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Save the Children International,The MHPSS Collaborative
The Yazidis are a minority group of Kurdistan that have long been persecuted for their religious practices and forced to convert to Islam. On 3 August 2014, the Islamic State of Iraq and Syria (ISIS) brutally attacked the Yazidi community living in Sinjar. Within a few days, 9,900 Yazidis had been killed or abducted, including hundreds who died on Mount Sinjar from starvation, dehydration or injuries. Half of those killed were children, as were most of those who died on Mount Sinjar from injuries or lack of food and water. Yazidi boys as young as seven years were separated from their families and sent to training camps where they were indoctrinated, trained and used in hostilities. Yazidi women and girls as young as nine years were abducted and forced into sexual slavery. In 2021 – seven years after the genocide – Save the Children Iraq Country Office initiated a multi-phase study to understand how the 2014 events continue to shape the current living circumstances, hopes, and aspirations of Yazidi children, who were less than ten years old at the time of the attack. Phase I of the study included a review of the existing research, which later informed focus group discussions with 33 Yazidi caregivers as well as interviews, group discussions and mapping activities with 117 Yazidi children. Children with disabilities could not be included in Phase I, so Phase II focused specifically on their experiences through journalling, mapping exercises and interviews with 20 children with disabilities. Phase II also included focus group discussions with 57 caregivers of Yazidi children with disabilities. While the 2014 attack drew enormous international attention, Yazidi caregivers described how, even before 2014, many people in the community experienced challenging living circumstances and deprivation. This is unsurprising given the historical marginalization of the Yazidi community and the disputed status and neglect of the Sinjar region in Iraq. Even so, the 2014 attack is believed to have caused destruction and suffering of a magnitude previously unknown. Echoes of the gruesome events of 2014 reverberate through the lives of Yazidi children today, affecting their wellbeing through ongoing violence and instability, denial of basic rights and services, and fragmentation of families and communities that serve as crucial sources of support. More than eight years later, Yazidi children are still facing many reminders of the attack such as the ruins of destroyed homes, schools and hospitals, and the ongoing presence of armed forces within their communities. They are still experiencing aerial bombardments by warring factions and loss and suffering from unexploded ordnance and witnessing recruitment of children their age by armed groups. Unsurprisingly, 39 out of 40 adolescents who participated in Phase I of the study said they do not feel safe where they live. They are afraid of their neighbours; loss of and separation from their families; bombings, abductions and recruitment by armed groups; violence and sexual harassment; losing access to food and safe drinking water; and homelessness.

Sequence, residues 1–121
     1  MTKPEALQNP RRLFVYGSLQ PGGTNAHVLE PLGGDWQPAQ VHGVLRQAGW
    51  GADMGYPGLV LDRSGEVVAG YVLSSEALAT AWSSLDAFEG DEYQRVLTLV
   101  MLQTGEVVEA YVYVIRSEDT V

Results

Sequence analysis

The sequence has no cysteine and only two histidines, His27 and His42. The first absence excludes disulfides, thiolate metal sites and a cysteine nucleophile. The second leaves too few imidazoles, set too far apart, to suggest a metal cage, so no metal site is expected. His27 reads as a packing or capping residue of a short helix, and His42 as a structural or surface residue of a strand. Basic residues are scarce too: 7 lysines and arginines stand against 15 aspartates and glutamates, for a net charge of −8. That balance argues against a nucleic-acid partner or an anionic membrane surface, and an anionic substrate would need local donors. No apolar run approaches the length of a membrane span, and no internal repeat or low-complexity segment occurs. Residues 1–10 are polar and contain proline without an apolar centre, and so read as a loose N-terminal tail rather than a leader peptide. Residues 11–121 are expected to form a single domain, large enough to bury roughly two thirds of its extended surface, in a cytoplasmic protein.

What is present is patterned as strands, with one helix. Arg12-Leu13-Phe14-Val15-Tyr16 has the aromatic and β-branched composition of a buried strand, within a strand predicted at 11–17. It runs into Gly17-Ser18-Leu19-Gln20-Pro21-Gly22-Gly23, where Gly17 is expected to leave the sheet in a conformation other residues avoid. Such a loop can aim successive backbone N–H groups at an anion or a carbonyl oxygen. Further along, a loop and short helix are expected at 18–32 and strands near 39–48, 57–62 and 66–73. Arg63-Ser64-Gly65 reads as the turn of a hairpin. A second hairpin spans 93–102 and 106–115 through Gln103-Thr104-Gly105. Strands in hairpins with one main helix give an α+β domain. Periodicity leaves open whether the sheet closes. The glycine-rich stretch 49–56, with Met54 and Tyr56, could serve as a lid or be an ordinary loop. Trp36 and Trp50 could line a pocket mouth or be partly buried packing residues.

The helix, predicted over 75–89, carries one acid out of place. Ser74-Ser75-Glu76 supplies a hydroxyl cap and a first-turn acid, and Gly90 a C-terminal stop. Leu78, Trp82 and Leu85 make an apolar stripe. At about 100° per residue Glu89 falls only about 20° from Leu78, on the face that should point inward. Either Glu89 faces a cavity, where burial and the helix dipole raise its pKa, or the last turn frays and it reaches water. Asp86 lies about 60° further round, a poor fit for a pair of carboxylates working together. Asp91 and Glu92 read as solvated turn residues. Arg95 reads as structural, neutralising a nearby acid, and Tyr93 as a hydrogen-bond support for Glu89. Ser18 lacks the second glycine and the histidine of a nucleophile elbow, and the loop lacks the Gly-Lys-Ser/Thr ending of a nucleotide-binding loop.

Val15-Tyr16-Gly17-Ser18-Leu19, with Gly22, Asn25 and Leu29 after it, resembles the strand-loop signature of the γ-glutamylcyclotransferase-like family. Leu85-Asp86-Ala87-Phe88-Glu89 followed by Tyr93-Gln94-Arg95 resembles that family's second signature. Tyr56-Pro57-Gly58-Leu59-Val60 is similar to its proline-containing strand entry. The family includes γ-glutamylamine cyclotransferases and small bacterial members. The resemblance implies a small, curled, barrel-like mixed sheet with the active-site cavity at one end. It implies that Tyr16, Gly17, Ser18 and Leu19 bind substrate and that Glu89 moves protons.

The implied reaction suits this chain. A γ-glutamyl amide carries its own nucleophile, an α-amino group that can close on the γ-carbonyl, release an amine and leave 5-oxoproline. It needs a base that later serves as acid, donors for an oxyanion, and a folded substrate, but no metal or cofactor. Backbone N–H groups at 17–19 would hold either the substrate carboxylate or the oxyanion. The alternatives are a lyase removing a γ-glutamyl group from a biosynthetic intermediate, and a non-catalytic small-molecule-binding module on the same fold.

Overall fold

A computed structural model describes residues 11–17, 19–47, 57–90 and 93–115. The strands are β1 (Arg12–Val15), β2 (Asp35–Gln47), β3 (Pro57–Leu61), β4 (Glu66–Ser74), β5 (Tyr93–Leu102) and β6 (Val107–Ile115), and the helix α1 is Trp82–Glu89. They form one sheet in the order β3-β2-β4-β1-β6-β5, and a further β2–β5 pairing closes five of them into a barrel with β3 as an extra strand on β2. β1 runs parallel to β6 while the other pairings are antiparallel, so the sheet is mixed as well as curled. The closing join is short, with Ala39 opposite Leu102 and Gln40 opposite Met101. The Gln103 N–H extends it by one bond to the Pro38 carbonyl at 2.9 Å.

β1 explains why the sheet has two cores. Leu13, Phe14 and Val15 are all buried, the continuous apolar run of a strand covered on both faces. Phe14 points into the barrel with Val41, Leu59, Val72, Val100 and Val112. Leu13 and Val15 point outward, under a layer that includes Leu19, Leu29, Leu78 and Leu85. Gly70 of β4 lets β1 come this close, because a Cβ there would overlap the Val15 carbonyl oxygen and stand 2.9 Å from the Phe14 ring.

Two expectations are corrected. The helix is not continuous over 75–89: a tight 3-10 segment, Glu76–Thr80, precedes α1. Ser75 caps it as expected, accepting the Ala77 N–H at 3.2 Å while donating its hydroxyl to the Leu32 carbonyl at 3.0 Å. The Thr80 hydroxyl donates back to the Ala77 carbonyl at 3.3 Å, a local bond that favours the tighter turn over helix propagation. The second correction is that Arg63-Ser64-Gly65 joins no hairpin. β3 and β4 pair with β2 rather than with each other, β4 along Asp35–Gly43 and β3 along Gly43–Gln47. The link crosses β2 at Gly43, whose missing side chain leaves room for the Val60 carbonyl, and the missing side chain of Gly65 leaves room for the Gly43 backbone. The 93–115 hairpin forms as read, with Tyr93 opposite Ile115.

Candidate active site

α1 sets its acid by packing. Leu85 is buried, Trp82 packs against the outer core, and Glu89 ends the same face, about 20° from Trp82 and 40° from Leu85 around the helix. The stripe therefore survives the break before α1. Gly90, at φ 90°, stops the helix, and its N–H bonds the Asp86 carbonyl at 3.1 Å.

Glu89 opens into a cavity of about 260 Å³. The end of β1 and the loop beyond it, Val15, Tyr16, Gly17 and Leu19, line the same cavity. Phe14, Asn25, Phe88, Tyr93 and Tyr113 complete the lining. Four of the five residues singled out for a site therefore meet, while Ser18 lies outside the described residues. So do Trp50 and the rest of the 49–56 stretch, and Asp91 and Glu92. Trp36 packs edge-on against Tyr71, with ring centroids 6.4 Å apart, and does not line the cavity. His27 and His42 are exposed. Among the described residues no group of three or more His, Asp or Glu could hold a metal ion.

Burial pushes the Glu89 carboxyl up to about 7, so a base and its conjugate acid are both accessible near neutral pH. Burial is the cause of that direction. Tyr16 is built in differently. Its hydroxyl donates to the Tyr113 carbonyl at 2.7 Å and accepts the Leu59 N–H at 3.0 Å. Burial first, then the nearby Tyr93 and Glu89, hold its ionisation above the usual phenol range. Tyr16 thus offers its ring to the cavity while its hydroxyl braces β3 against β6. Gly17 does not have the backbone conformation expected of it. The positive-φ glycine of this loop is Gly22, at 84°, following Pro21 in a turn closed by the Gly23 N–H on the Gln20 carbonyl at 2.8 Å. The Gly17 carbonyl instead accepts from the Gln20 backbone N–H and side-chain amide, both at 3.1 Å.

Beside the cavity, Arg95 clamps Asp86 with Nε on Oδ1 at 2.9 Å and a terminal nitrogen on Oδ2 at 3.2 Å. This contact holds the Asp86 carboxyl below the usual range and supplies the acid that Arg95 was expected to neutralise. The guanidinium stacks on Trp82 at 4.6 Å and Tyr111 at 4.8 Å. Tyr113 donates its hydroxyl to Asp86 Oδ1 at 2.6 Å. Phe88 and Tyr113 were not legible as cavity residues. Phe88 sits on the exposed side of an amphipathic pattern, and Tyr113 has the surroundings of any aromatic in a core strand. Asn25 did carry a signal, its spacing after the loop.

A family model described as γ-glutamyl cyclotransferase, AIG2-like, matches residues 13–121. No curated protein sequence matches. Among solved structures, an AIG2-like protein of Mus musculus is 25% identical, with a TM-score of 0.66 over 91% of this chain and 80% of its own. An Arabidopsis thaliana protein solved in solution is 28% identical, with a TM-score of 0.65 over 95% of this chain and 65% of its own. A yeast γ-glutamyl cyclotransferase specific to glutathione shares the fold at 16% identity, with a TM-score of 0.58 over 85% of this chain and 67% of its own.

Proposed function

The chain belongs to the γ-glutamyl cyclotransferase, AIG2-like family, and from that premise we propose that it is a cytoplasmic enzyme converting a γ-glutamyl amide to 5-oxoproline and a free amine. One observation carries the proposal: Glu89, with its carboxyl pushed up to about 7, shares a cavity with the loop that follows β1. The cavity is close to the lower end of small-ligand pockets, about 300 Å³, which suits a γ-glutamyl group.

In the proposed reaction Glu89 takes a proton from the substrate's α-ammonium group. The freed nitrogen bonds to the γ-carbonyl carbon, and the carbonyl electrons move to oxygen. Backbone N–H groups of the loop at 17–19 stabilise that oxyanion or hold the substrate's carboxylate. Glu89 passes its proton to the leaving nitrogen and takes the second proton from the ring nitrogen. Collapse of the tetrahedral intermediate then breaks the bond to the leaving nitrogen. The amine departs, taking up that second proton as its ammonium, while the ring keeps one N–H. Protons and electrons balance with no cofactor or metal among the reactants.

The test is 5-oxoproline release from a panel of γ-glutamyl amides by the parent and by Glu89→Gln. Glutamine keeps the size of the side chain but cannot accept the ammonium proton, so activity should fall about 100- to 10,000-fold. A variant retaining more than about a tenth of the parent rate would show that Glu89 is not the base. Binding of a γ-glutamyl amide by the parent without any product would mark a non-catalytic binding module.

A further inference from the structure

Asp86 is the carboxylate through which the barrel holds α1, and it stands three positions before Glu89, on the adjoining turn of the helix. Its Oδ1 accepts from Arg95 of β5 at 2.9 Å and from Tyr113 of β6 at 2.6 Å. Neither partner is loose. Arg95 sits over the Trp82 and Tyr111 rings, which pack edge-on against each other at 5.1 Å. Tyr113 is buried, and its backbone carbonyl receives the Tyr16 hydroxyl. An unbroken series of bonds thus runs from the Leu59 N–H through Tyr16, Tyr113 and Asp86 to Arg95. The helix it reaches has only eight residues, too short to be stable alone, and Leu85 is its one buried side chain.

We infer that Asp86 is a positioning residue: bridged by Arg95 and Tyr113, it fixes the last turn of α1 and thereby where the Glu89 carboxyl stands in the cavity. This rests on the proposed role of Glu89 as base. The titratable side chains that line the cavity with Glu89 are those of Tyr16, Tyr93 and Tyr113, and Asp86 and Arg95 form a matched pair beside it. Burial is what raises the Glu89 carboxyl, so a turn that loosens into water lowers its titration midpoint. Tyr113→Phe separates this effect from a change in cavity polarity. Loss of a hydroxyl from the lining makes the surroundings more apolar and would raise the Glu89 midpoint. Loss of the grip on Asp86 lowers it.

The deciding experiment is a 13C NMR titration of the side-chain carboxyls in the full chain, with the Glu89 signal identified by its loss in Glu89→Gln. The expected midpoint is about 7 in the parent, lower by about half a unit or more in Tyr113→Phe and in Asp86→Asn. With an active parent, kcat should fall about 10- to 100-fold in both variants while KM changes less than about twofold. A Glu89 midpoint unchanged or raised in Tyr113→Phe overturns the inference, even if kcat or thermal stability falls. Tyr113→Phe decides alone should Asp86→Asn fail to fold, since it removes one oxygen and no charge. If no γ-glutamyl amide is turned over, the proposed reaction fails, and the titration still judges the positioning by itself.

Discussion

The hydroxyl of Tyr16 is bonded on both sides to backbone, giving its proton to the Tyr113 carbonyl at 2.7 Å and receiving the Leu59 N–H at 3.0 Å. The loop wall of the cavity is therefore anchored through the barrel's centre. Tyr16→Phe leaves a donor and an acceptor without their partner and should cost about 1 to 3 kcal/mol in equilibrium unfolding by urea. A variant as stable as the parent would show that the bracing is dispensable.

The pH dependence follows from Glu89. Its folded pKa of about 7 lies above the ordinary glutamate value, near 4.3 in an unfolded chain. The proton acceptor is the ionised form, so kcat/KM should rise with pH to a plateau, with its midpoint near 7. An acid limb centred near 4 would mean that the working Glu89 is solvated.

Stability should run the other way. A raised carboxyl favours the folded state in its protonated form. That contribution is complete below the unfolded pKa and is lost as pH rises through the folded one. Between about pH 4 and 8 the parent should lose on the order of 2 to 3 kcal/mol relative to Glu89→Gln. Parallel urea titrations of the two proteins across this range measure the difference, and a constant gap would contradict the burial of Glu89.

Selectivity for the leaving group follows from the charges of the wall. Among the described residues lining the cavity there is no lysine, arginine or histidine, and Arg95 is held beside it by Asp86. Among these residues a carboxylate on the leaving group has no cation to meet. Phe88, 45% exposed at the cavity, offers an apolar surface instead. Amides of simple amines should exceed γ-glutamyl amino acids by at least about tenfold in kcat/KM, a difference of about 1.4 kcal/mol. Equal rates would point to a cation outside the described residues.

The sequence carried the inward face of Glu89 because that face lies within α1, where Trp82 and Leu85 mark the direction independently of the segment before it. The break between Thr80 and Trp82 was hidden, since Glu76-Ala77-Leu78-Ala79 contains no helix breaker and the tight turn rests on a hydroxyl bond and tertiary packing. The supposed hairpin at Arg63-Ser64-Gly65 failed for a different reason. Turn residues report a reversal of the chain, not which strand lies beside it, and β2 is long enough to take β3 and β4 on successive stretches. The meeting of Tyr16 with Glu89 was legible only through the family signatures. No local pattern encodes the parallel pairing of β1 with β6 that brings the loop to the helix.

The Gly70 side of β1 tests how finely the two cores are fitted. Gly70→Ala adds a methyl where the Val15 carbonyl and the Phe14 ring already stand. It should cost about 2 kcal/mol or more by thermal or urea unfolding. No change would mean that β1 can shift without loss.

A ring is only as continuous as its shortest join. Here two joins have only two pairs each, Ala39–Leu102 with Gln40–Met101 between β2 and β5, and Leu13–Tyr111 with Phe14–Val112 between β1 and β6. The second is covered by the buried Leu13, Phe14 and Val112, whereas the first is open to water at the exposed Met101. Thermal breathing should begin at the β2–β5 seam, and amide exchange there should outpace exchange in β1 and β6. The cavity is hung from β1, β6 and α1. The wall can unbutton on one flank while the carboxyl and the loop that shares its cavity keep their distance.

Access to basic services such as education and healthcare is severely limited – schools and hospitals either do not exist or are unaffordable and far away. Access is even more limited for children with disabilities. Where health centres and public hospitals do exist, they are without specific provisions or reasonable accommodations to ensure inclusion, offering only basic care and lacking specialists and medication. Yazidi families in Sinjar are forced to rely on private hospitals that are far away, prohibitively expensive and not suited for children with disabilities who need ongoing care (e.g., physiotherapy sessions). Schools are also far away and hard to reach, especially for children living on Mount Sinjar. Access to schools is also affected by safety concerns, lack of identity papers and lack of knowledge of the local Kurmanji language among children recruited by ISIS and children born of war. Some children have not been to school since the attack or have never been to school at all. Public schools are not designed to include children with disabilities, with instances of schools denying children admission because they are not equipped to offer relevant support or are unable to make necessary referrals in the event of emergencies. Camps, where many Yazidi children still live, lack safe and accessible spaces, forcing children with disabilities to stay inside their tents, isolating them from their peers and communities, limiting their opportunities for learning, play and development, and forcing them to rely on their family and friends to spend time outside. The 2014 events have not only caused physical and material destruction but also ruptured the social and cultural fabric of the Yazidi community in Sinjar and undermined its traditional support systems. Widescale displacement has fragmented Yazidi families and split them into smaller units. Some families have members that are now dead or missing, and this has resulted in the loss of primary sources of material, social and psychological support. The loss of a breadwinner or male head of household is felt particularly deeply, not simply for financial reasons but also because of its effect on household dynamics and the wellbeing of the remaining caregivers and their children. Yazidi communities are now composed differently. Many people have lost or left their homes and are afraid of returning to Sinjar, while others who have returned feel isolated and alienated from their new neighbors and communities. Community involvement with armed groups and conflicting forces has created a rift between families and neighbours, cultivated feelings of mistrust, and negatively affected recovery and healing. Yazidi caregivers expect conflicts in Sinjar to continue, keeping their communities in a state of unrest and on the brink of yet another displacement. Each displacement presents children with the challenge of adjusting to a new environment and processing the loss of connections with their previous home and community. Some Yazidi children and adolescents are sceptical about any chances of their circumstances improving and consider emigration out of Iraq as the only route to a better life. The mental health and wellbeing of Yazidi children have been compromised, not only because of exposure to extreme violence and violations during the 2014 attack but also through a sustained denial of basic services and rights, frequent displacements and the associated challenges, ongoing insecurity and instability, and a breakdown in family and community supports. Caregivers expressed grave concerns about the future of their children and have noticed behavioural changes in them post-displacement, such as being less cooperative, less inclined to continue at school, and less motivated to do well at school. A few caregivers mentioned that their children recall and relive experiences from the attack and their resulting displacement, and some also perceived an increasing risk of suicide among children. The mental health of caregivers affects the wellbeing of their children, and children spoke of their distress about family conflict and the financial hardships their parents face. Some children also felt that their caregivers were depressed, withdrawn and lacking in empathy. Children with disabilities and their caregivers see exclusion as a key driver of distress. Unfortunately, stigmatization, discrimination and bullying of children with disabilities are common within peer groups, extended families and shared community spaces. This includes the use of stigmatizing labels (e.g., ‘sick’, ‘crazy’, ‘disabled’); peer bullying, physical aggression, and violence; and the inaccessibility of learning, play and other community spaces. To cope, children with disabilities often withdraw from their peers and community, which increases their loneliness and isolation and forces them to rely on technology to seek connections and learning opportunities. Children who were abducted by ISIS experienced grave violations, including sexual violence and exploitation, participation in combat and other roles, and forced disengagement from their Yazidi identity. Previous research has shown that children returning to their families after being held captive had physical and mental health problems and difficulties in reintegrating, including speaking and understanding the Kurdish dialect spoken by their families, obtaining or replacing missing civil documents, and accessing education after many years out of school.